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  • Writer's pictureTodd McKernan

3 Types of Wedding Photographers, And Which One You Should Book.

Author: Todd McKernan / Lead Photographer - Forever Frame

So you're planning your wedding and you're trying to decide which photographer to book. But how do you know which one is right for you? Fear not my friends, I've got the answers! Just keep reading...

Why Are There 3 Types of Wedding Photographers?

If you scroll around the internet asking this question, you'll find posts that overcomplicate this issue. I've seen blogs that will list as many as 11 different styles of wedding photographers! That's nuts. The problem with all of these other blogs is that they tend to conflate a photographer's shooting style with their editing style - those are two VERY different things.

This blog will focus entirely on a photographer's shooting style. This will not only have the biggest impact on what kinds of photos you'll be receiving, but also will greatly impact how your wedding day will go.

(click here to read about the different editing styles and how to choose the right one for you)


Photographers rarely fit neatly into a categorized box... unless they're very limber. Think of these three styles as points on a spectrum, many photographers will sit somewhere in between.

Okay, Out With It, What Are The Three Styles?!

Alright, alright! Without further ado, here are the three types of wedding photographers you're going to choose from: (according to me)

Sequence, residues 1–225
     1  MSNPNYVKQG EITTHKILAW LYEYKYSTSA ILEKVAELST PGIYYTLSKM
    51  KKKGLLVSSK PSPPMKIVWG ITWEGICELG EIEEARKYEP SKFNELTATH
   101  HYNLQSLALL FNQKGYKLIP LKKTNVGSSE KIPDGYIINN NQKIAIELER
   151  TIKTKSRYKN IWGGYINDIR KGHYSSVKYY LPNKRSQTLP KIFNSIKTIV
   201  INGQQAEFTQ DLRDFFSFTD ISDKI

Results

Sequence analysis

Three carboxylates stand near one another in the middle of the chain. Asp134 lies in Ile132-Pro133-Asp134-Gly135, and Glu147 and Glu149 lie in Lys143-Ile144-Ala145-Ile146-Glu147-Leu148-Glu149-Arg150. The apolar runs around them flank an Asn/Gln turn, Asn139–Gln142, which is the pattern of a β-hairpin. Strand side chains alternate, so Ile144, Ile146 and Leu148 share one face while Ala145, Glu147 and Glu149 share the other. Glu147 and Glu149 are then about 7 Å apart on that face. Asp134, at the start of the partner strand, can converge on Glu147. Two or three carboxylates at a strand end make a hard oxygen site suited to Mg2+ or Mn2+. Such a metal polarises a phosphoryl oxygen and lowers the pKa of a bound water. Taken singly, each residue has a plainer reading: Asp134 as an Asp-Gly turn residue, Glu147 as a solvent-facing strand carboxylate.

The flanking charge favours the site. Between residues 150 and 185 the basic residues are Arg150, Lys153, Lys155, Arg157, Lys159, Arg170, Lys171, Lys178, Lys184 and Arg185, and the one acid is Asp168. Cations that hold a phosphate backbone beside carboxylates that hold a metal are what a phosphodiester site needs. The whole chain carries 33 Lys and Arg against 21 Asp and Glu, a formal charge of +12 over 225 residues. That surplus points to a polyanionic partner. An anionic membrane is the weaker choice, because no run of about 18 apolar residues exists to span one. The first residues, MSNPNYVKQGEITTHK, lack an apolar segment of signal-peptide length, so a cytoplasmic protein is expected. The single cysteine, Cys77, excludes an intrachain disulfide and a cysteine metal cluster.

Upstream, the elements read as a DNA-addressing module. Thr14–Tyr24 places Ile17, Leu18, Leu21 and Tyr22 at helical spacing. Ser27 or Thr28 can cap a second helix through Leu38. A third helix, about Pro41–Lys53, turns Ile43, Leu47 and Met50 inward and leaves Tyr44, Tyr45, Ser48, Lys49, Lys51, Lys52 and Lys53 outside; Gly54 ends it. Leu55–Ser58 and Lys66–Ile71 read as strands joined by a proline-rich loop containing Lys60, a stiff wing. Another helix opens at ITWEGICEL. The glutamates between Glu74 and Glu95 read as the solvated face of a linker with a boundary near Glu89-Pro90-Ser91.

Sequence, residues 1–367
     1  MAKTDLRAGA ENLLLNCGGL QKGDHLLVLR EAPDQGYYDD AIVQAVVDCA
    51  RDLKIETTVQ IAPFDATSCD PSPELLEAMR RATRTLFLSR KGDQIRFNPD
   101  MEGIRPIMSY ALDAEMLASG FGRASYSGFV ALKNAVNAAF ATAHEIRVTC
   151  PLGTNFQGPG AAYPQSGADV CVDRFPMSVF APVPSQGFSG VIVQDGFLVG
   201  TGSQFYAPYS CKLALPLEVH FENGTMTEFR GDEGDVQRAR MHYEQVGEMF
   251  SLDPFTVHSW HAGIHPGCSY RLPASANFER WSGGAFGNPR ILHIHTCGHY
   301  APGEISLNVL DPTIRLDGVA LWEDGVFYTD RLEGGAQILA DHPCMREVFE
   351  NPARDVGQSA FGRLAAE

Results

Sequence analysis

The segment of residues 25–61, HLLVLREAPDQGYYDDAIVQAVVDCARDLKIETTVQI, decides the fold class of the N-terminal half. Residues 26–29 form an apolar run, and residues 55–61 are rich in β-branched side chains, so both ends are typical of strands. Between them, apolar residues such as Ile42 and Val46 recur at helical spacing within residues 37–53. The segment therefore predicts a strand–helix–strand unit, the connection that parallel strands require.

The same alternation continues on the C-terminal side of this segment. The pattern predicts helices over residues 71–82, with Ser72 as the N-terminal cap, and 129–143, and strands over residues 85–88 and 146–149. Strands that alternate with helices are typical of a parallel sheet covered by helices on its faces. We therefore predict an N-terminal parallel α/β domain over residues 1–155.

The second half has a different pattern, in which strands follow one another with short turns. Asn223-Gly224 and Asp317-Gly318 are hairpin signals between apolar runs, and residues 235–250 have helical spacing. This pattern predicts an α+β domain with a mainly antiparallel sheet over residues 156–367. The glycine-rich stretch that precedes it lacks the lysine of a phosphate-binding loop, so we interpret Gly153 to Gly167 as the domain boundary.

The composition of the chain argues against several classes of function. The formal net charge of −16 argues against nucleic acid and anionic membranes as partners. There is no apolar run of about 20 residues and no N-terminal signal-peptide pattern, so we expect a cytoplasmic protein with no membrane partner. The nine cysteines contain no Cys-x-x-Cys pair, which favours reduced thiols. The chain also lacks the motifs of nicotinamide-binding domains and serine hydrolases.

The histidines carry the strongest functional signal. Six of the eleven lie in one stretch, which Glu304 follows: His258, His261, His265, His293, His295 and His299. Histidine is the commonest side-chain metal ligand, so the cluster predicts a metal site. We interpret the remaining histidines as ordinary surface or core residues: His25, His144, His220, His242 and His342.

1. Portrait / Editorial Photographer

Portrait Style Wedding Photographer. A bride and groom formally posed

This type of photographer is all about getting the perfect shot. They will typically go out of their way to bring props and extra lighting with big modifiers like soft-boxes to make sure your images look like they belong in a magazine. They're very hands-on, and a good one will know exactly how to pose you and your partner to get the perfect composition. The higher-end ones will typically have an assistant (not just a second shooter) to help them carry and set up the equipment, often doing things like holding reflectors for them.

Pros: Your pictures will be EPIC. You might feel like you're the star of your own high-end fashion shoot. The images will be sharp, clean, and perfectly lit. Strike a pose!

Cons: You might not enjoy your wedding as much. Constantly posing and setting up the perfect images can be... exhausting. And not just for your photographer. You may feel like you're working when you should be relaxing and having fun. Over-reliance on external flash & lighting can be distracting to you and your guests.

2. Candid / Photojournalistic / Documentary Photographer

Candid wedding photographer. Bride and groom sparkler exit.

This type of photographer is the proverbial "fly on the wall." A really good one will basically be a ninja, you'll never even know they were there! They're going to capture the events of the day exactly as they happen, with very minimal input. They allow each moment to unfold naturally, then capture it in the best way they can without intervening. This can make for some of the most memorable photographs you'll get in your entire life, because they're real. This has become the industry stand style of shooting weddings, and for good reason. These photographers will typically never use any kind of flash or light modifiers.

Pros: You'll be able to relax and enjoy your wedding much more. You won't feel like you have to try to be a model. Your images will be raw and full of emotion.